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Dispute over deleted emails flares up in Xyience bankrutpcy

Everybody agrees that William Bullard gets a lot of mileage out of his BlackBerry.

But a dispute about how many messages the prominent Las Vegas businessman, who lists chief executive officer of Gordon Biersch Brewing Co. and chairman of Meadows Bank among his current activities, should have saved going back four years has ensnared him in the Xyience bankruptcy, now churning toward its fourth anniversary.

The trustee in the case has asked for unspecified sanctions against Bullard for not producing emails and documents as it tries to piece together a larger case that could be the last hope for creditors and shareholders to receive any money. At the time the case was filed as a Chapter 11 in January 2008, the company had piled up more than $42 million in debt but so far has recovered less than
$2 million, not enough to get past the legal and administrative expenses.

However, Bullard’s attorney Gregory Garmin contended, “We have produced everything we have and they just don’t like what’s there.”

The assets of Xyience, the maker of the energy drink Xenergy, were purchased out of bankruptcy in 2008 and ultimately wound up under the ownership of an entity controlled by the Fertitta family to maintain the close marketing ties to its Ultimate Fighting Championship martial arts league. As such, Xyience products on the shelves have no current connection to the bankruptcy.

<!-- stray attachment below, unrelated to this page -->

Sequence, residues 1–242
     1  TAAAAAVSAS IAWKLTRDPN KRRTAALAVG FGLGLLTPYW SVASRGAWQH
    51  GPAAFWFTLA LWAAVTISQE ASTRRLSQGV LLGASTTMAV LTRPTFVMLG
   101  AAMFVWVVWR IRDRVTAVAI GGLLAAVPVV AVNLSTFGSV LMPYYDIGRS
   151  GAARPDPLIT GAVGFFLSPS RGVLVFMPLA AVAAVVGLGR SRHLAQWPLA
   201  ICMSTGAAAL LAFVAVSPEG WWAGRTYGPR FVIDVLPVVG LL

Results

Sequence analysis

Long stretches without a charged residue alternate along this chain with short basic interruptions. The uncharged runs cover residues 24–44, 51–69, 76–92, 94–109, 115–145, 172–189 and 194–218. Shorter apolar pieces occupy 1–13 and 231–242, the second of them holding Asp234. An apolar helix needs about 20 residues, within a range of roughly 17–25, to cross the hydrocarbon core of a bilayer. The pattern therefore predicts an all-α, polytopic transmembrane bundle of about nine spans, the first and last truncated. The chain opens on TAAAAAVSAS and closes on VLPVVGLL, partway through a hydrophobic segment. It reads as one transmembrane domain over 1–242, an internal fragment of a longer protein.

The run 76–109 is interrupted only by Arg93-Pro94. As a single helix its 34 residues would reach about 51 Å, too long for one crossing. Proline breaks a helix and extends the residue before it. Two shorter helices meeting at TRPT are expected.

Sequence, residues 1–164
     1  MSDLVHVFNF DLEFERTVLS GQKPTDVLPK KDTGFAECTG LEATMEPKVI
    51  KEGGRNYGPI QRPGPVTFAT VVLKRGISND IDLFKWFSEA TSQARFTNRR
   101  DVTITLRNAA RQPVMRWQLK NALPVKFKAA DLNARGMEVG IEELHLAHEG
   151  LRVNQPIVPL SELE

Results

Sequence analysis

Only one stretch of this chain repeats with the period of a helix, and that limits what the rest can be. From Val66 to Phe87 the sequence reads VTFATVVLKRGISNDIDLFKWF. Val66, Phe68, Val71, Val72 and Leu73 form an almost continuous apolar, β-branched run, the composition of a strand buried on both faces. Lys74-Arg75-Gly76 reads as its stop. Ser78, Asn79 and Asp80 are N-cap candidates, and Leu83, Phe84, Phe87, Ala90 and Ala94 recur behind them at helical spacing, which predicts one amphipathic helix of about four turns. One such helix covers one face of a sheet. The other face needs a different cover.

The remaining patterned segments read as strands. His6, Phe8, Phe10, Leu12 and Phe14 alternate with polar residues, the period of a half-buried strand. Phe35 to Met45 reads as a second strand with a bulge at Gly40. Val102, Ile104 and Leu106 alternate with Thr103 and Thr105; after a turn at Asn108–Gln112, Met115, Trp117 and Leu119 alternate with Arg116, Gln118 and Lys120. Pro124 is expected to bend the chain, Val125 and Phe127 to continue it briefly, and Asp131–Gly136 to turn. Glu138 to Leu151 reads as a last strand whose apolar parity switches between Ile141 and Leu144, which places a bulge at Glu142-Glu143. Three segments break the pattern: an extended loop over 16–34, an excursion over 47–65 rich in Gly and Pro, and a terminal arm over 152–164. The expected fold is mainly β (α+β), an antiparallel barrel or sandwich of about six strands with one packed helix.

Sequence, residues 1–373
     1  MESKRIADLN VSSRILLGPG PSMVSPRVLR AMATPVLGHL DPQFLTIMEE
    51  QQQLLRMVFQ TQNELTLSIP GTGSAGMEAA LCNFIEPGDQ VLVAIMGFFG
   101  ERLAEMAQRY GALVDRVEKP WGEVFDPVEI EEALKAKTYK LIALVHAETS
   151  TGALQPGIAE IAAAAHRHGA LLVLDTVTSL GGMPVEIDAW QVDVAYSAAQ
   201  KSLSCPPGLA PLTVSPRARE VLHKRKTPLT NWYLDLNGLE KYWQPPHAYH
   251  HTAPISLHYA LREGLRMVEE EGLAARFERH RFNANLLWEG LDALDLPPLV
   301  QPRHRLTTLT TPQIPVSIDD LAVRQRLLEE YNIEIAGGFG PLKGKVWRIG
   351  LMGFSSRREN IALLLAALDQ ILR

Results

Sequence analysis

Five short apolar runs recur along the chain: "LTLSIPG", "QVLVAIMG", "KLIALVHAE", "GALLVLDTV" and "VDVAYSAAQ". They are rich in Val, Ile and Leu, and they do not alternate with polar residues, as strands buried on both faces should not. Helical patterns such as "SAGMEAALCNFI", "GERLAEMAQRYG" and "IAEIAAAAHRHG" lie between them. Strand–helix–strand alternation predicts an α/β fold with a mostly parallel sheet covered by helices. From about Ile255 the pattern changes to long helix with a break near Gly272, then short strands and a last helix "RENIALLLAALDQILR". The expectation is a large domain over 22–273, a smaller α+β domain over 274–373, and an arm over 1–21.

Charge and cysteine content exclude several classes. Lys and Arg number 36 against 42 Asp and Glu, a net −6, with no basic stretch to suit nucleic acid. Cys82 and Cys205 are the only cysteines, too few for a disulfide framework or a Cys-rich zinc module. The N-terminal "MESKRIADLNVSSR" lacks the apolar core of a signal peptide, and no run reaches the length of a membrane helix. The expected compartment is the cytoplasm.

But in the court proceedings, now a Chapter 7 liquidation, Chicago-based trustee David Herzog contends that the $12 million that Fertitta entities loaned Xyience in 2007 as it faltered financially came with such heavy-handed terms that it scared off potential buyers. As such, he will try to recoup damages that could lead to “potentially significant recoveries,” as described in court papers, at a trial now scheduled to start next spring.

Garmin, also representing the different Fertitta interests, has outlined a case where all transactions were done on normal terms. The $12 million, he noted, was approved by other creditors and shareholders at the time.

When Xyience was sold out of bankruptcy in 2008, Manchester Consolidated Corp. of Toronto paid $200,000 in cash and assumed Fertitta loans that had grown to $14.8 million. A year later, Manchester defaulted, opening the way for the Fertittas to take over.

Bullard, also an executive with Fertitta Enterprises, which holds nongaming businesses, became a target of the trustee because of his alleged obstinacy in handing over documents and emails concerning Xyience and his attempts to flesh out his case. The documents eventually were produced but Herzog still wants penalties for not coming as quickly as he thinks they should have.

Some of the Bullard emails have been erased, according to court papers, although some were found in the computer records of recipients. “It is inconceivable that a businessman with Mr. Bullard’s experience did not have a document retention policy,” said Chicago attorney Jonathan Backman, who is working with Herzog, at a Sept. 30 hearing.

But in contending Bullard was within bounds, Garmin noted, “It would be nice if everyone in the world saved every email they sent, but they are not required to.”

On a broader front, he added, going after Bullard was a sign that Herzog had “thrown in the towel” on the main case and was now fabricating other disputes “in an outrageous attempt to justify his continued consumption of trust resources down a never ending black hole.”

Much of Herzog and Backman’s work to date has involved the standard bankruptcy work of gaining repayment of money they received from the company 90 days before filing Chapter 11. On Friday, for example, the court formally approved a settlement with Professional Bull Riders, accepting $20,000 as payment in full on a $100,000 claim.

To date, Backman said that $1.5 million has been recouped through these types of legal actions.

Contact reporter Tim O’Reiley at toreiley@reviewjournal .com or 702-387-5290.

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